The design of the West Oakland restaurant space speaks to that affinity for barbecue’s deep history, as Horn says he modeled the look of the restaurant after classic barbecue joints that he admires — he cited Louie Mueller’s, in Central Texas, as one of the inspirations for the restaurant’s “nostalgic, vintage feel.” That’s reflected in the custom cowhide stools that line a classic diner-style counter, which customers might recall from the dining rooms Brown Sugar Kitchen days — the best seats in the house whenever indoor dining becomes a possibility. It’s also reflected in the very spare, simple decor, which consists mostly of framed photographs of past Horn BBQ events. As Horn puts it, “When you go into the space, it’s going to tell a story.”

Cowhide stools at the diner counter
Cowhide stools at the diner counter
Framed photos of past pop-ups (and an American flag) line the walls
Framed photos of past pop-ups line the walls
The top of the restaurant’s smoker, with “Horn” spelled out on top
The restaurant’s new indoor smoker
Wood burning in the smoker

The other prominent design feature is Horn’s brand new 1,000-gallon offset smoker itself, which is located in a 750-square-foot pit room inside the restaurant. It’s the only indoor smoker in California, the restaurant claims, and it’s always visible through a large floor-to-ceiling window in the back of the dining room. The idea, Horn has said, is for customers to feel that much closer to the whole barbecue process — to actually watch the pit masters tending the flames and pulling the meat out of the smoker while you’re eating.

What is perhaps of more immediate concern to diners right now, however, is the restaurant’s outdoor seating, and the Horn BBQ has plenty of that to offer — about 40 seats in a fenced-off patio that has picnic tables, stools, and long benches, and then another 40 at picnic tables set up along Campbell Street behind the restaurant.

A fenced-off patio with long benches, stools, and tables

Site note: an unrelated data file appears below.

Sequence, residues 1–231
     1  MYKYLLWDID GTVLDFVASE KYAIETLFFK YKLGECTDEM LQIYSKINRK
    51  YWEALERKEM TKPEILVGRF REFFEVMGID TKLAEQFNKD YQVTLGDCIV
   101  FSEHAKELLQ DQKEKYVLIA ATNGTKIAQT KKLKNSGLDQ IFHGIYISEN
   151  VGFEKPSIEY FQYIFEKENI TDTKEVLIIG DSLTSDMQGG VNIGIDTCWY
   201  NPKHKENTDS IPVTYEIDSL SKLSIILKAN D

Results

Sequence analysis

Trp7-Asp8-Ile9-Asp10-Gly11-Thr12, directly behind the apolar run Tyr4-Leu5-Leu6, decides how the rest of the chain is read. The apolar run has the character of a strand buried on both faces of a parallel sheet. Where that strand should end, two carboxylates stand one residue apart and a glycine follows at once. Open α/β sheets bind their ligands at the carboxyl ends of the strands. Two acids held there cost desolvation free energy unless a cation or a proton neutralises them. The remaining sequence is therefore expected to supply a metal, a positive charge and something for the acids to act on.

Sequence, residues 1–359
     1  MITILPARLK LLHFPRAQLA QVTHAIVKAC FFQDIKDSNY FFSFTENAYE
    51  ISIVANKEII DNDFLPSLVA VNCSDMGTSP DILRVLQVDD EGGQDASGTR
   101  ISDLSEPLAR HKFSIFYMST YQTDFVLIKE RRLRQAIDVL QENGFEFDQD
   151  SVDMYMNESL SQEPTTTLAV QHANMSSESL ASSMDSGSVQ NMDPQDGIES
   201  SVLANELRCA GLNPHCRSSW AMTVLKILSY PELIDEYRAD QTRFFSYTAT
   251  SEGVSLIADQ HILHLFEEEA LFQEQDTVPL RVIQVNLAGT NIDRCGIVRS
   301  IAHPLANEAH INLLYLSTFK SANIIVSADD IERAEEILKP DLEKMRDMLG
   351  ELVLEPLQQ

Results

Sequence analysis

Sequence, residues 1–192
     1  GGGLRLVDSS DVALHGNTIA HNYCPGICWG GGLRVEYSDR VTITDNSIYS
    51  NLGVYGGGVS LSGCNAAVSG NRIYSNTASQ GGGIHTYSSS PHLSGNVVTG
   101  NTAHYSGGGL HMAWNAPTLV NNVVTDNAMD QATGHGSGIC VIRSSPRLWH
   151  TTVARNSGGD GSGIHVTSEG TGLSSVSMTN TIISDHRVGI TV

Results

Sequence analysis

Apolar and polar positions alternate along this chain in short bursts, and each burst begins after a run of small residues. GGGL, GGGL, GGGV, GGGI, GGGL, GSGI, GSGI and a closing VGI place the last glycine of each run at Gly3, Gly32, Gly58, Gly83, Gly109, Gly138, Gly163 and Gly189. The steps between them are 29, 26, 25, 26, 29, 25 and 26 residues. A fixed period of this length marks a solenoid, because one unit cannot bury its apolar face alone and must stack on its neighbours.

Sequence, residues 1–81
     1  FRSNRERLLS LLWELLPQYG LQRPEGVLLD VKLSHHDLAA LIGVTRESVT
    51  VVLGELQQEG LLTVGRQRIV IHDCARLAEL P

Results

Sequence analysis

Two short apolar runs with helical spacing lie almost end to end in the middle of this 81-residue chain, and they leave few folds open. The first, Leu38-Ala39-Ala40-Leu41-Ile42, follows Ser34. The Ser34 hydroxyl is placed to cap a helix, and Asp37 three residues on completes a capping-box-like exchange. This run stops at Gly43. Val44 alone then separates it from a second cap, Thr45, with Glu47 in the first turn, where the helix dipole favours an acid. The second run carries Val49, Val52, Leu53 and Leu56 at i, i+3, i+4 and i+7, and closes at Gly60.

The enclosed patio seats 40
“Horn” painted in white cursive on the outside of the restaurant

Because of the COVID-19 crisis, the other big concern will be how the restaurant will manage the inevitable crowds of customers; after all, one of the hallmarks of the Horn BBQ pop-up experience was the long lines, which sometimes stretched for two or three hours, and became a kind of rollicking block party in and of themselves. During COVID times, that’s less than ideal, and so Horn has said that he’s considering some kind of pre-ordering reservation system.

At least for this weekend’s grand opening, though, food will be sold on a first come, first serve basis via a socially distanced line — so yes, it’s probably a good idea to start lining up early (perhaps even right now) if you want to snag the choicest cut of that slow-smoked brisket.

When it opens for takeout and outdoor dining, Horn BBQ’s initial hours at 2534 Mandela Parkway will be Thursday through Sunday, from 11 a.m. to whenever all of the food sells out.

A spread of ribs, brisket, and pulled pork served on a paper-lined sheet tray
A spread of smoked meats and sides, served on a sheet tray

UPDATE, Friday, September 25, 6:13 p.m.: Because of “bureaucratic hurdle” related to the restaurant’s indoor smoker, it has postponed this Saturday’s planned opening — like until next week.

View this post on Instagram

Its just barbecue, let us open...Smh

A post shared by Horn Barbecue (@hornbarbecue) on

Horn Barbecue

2534 Mandela Parkway, , CA 94607 (510) 225-6101 Visit Website
Best Dishes

The Best Dishes Eater SF Editors Ate This Week: February 23

4 Restaurants and Bars to Try This Weekend in the Bay Area: February 23

San Francisco Restaurant Openings

Northern Iranian Food and Wine Mingle at the New Komaaj Mazze & Wine Bar